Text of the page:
The Glen Loch icehouse which was used in earlier times to store ice for refrigeration, cut in the winter from Glen Loch Lake above the Glen Loch Dam, was demolished. It would take years to partially restore the damage done in just a few short moments. The scars from the storm have mostly healed but the magnificent park vista, visible before the tornado, can never be restored.
Despite the fact that "Jimmy the Talking Crow," who occasionally thrilled kids in early times with a choice cuss word or two, was gone, the quality and quantity of the zoo facilities and number of animal species has greatly expanded. Cougars and tigers can be observed within inches through glass windows and an ostrich or elk can be seen close up and personal in the high fence areas. Picnic tables are plentiful and open space is the rule and not the exception.
The grandkids had a great time during our three-hour park visit. Even Zach spent the majority of his time watching the events going on around him while the duck pond was Sophie's favorite attraction. There is much to see and do in the park and it was hard to get the kids to leave. If you are in the vicinity of Chippewa Falls, stop in for a visit. You won't be disappointed.
In the June/July issue of "Outdoor Life," America's top 200 towns for outdoor sports activities are listed. Author John Taranto selects his locations based on a variety of factors, including hunting and fishing opportunities. He also looks at those places that rank high on youth activities, places to retire and value of the dollar.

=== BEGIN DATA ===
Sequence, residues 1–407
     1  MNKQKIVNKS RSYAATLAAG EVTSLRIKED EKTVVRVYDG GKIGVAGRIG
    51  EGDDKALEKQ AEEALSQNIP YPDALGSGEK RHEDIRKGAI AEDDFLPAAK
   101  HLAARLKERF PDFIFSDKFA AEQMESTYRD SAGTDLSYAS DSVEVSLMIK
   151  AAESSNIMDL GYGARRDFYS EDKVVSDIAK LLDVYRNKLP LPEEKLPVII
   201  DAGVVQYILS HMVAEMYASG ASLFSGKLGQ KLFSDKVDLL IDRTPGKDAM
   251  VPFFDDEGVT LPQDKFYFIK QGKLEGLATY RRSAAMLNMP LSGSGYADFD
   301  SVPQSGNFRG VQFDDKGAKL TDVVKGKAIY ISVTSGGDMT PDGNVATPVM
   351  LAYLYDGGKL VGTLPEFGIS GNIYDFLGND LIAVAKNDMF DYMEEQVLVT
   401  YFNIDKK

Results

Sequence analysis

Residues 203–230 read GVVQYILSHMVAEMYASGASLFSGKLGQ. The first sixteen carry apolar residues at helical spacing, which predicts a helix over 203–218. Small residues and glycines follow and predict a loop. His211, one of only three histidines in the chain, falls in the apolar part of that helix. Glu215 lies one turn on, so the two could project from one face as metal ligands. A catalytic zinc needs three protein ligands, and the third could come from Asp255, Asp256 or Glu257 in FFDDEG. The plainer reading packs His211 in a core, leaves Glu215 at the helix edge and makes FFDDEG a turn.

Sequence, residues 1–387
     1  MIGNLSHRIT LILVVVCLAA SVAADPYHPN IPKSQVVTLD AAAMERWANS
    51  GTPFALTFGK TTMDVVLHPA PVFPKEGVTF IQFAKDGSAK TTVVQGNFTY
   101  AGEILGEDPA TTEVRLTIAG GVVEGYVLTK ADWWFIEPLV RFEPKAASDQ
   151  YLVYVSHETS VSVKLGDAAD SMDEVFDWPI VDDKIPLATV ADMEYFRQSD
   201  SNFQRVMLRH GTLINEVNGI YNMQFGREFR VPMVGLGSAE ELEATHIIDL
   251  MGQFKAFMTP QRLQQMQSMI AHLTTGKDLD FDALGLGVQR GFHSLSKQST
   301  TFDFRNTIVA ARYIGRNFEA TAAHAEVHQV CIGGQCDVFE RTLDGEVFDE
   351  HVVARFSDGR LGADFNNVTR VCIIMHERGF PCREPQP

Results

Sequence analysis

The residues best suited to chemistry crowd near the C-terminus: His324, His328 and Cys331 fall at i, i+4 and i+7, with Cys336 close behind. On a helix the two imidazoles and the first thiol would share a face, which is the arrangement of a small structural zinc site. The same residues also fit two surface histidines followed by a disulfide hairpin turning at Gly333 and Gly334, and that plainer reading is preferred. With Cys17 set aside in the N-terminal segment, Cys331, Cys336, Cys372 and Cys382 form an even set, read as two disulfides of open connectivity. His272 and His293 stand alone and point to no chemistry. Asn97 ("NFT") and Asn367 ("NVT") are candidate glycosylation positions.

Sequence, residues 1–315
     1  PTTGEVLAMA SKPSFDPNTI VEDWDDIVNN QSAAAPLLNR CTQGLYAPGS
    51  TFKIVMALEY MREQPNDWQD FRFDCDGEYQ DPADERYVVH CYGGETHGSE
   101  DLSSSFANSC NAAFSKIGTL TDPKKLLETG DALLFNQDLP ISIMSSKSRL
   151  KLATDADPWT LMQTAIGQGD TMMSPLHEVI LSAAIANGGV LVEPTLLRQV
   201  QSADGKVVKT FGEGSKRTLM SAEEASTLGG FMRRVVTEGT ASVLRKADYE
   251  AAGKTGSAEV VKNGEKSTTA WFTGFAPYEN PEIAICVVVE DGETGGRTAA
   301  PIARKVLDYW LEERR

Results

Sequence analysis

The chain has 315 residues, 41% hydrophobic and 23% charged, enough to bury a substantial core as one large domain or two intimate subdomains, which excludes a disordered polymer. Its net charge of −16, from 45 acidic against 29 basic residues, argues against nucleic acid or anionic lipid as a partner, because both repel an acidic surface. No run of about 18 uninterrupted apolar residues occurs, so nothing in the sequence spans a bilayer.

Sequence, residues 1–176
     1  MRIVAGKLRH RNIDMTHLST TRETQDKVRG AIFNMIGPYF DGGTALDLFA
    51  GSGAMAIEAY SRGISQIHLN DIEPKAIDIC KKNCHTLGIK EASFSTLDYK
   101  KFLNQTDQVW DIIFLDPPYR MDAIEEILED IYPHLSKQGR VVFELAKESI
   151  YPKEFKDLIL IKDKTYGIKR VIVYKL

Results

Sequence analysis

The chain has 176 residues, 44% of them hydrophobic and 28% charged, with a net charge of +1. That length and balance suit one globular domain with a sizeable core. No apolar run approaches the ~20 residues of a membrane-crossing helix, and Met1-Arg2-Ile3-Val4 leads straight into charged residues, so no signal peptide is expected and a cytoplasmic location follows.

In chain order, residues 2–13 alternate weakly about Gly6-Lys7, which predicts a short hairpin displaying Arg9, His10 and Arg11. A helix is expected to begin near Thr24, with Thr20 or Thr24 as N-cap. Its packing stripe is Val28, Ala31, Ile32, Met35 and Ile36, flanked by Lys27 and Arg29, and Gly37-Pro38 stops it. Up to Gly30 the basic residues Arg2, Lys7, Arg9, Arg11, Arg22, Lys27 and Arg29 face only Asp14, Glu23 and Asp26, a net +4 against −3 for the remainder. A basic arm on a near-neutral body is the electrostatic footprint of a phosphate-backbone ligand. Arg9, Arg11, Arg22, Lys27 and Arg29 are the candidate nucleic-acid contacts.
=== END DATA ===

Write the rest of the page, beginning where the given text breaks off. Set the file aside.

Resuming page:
With all things considered Rapid City, S.D. comes in No. 1. In looking over the list, Wisconsin does very well for itself placing seven of its cities in the top 200. Listed in order of ranking are Ashland (27), Phillips (31), Superior (44), Prairie du Chien (46), Rhinelander (67), Green Bay (112) and Stevens Point (159). Throw in the Packers, Badgers and Brewers and who wouldn't want to live in Wisconsin!
Every few months I receive a copy of the Wisconsin Wildlife Surveys put out by the Department of Natural Resources. These green covered books contain a plethora of information. At times there is more information presented than the average guy really needs. I personally find the subjects in these publications extremely useful.
One of the articles in the April 2010 issue concerned a survey of archery hunters and was written by Brian Dhuey. Responses received back from 4,883 archers were analyzed with the following results.
"The average archer in Wisconsin is male, 46 years old, has 21.5 years of archery hunting experience, hunted for 15.8 days in 2009, uses a compound bow, camouflage, a tree stand, bow sites, deer scent, grunt call and mechanical release. Bow hunter density ranged from a high of 17.6 hunters per square mile of deer range per day in deer management unit 69C, to a low of 0.04 hunters per square mile in deer management unit 78."
About 75 percent of archers rated the 2009 season fairly low to very low in hunting quality.
Another report addressed the results of the 2009 Gun Deer Hunting questionnaire and was also written by Brian Dhuey. A total of 3,957 2009 gun hunters returned the survey which resulted in the following information. The 2009 gun deer season provided active hunters with more than 3.5 million days of hunter recreation. Gun deer hunters averaged 5.7 days a field during the 2009 season. The majority of gun deer hunting took place on private lands (71 percent). Thirty-two percent of the respondents in 2009 killed a deer. Eighty-two percent rated the 2009 season fairly low to very low in hunter satisfaction.